The music I cover here may not be Jazz in the purest sense but it is music that transcends the limitations of musical boundaries. It has its own pulses and rhythms and it is improvised around themes. This is a delicious orientalist dreamscape of the sort painted by Lord Leighton, Alma Tadema, Edward Lear and Eugene Delacroix. It is redolent of sultry afternoons in an Ottoman palace or of the winding streets of Istanbul. In the unfolding subtleties, one can hear the merest snatches of older themes; Constantinople and even Byzantium are hinted at but never confined. This is not traditional Turkish music but an exotic vision of a landscape just beyond our reach. This achieves what all great music does – connects us with a world that we would want to explore further.
In early December I received an email from Rattle Records inviting me to the ‘Pacif.ist’ CD launch and at that point I had scant information on the event. I had every intention of requesting more details but the workaday world drowned me in trivia and I soon forgot. One week later I was sitting in a meeting when the reminder flashed up on my iPhone; the launch was starting in an hour.
The venue was the spectacular Iron Bank building. An imposing piece of modernist architecture towering far above the rainy Auckland streets. The launch was held in an intimate minimalist space and the invited guests were mainly musicians associated with Rattle. To one side of the dimly lit room was a beautiful red lacquered harp and beside it the barest bones of a drum kit (snare and cymbals). Soon, harpist, Natalia Mann sat down to conduct a brief sound check and when she had finished I spoke to her about the lovely voicings that she was creating as she plucked and stroked the strings. They were pianistic Jazz chords, but with all of the extensions added. In the conversation that followed, we spoke of BeBop harpist Dorothy Ashby and of the later avant-garde stylist Alice Coltrane. At this point, I was intrigued to hear the music, as this was a gap in my musical knowledge that I was very happy to fill.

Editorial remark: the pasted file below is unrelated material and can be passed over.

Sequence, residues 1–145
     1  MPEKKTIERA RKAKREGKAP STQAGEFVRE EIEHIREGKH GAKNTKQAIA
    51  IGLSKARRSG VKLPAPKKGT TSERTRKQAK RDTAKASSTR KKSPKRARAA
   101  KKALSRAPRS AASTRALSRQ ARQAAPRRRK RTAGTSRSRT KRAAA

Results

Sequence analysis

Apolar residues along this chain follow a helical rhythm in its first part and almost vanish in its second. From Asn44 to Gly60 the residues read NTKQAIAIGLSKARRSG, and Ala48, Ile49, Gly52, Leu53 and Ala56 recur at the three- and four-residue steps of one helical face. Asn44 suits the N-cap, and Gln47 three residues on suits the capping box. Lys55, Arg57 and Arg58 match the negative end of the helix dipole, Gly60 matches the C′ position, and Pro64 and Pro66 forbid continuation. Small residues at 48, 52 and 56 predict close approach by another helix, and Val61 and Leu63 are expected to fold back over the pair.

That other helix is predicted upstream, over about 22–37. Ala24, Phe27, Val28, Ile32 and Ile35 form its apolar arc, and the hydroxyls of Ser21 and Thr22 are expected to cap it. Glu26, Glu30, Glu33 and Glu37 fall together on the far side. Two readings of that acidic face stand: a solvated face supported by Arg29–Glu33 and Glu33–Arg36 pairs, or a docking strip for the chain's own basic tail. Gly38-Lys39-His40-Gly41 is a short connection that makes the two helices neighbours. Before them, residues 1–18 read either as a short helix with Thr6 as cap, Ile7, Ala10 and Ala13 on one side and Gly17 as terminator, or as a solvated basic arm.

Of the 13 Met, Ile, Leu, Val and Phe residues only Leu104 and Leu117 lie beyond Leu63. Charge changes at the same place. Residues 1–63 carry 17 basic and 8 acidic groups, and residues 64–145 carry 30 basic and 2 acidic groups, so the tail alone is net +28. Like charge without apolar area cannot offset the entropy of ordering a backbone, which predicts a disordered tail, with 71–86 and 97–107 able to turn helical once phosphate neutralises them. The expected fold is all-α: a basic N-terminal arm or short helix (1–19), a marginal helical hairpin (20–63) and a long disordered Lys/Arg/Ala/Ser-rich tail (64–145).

I have long been a fan of Mediterranean, Middle Eastern Jazz and its Jazz/World Music offshoots, but I can’t recall ever hearing Turkish Musicians. The launch used only a duo but they captured the mood perfectly – Natalia Mann (harp) and the well-known local, multi-instrumentalist Kody Neilson on drums. The album could perhaps be described as improvised World-Music but with Jazz inflexions – the sort that ECM presents so convincingly. With top rated musicians like Tigran Hamasyan and Dhafer Youssef bridging the World/Jazz continuum we will see a lot more of this music on offer. If you open your ears Jazzers and listen carefully, this gentle melodic music with its rich percussion will get to you.
After Natalia had returned to her busy life in Istanbul I conducted an email interview with her and this will be posted as an addendum to this post in a few days.
The Album Pacif.ist is available in download or hard copy from Rattle Records. I would strongly urge buying the CD, as the artwork and liner notes are so good that it would be a crime against art to circumvent them. http://www.rattle.co.nz
The musicians on the album are; Natalia Mann (harp, compositions), Izzet Kizil (percussion & drums), Sercan Halili (classic Kemence & Alto Kemence), Abdullah Shakar (fretless bass & electric bass), Dine Doneff (double bass), Richard Nunns (taonga puoro ), Lucien Johnson (soprano & tenor sax ), Riki Gooch (percussion [1,2,3]), Naomi Jean O’Sullivan (gongs , co- writer), Serdar Pazarcioglu (violon ), Deniz Gungor (aqua ). The album was mainly recorded in Turkey but with some instruments recorded in New Zealand. That rich-voiced exotic string instrument you hear is the ancient Kemence (see interview).
After I had written this, I saw an article in the latest Downbeat about the growing Jazz scene in Turkey titled ‘Emerging Turks’. The New York times has also highlighted this in a recent article. Natalia is New Zealand born and of Samoan/European descent. She is at present doing a master’s degree in Jazz at Skopje and is in demand with various European orchestras. She loves Jazz and has projects on the way which will lean more in that direction.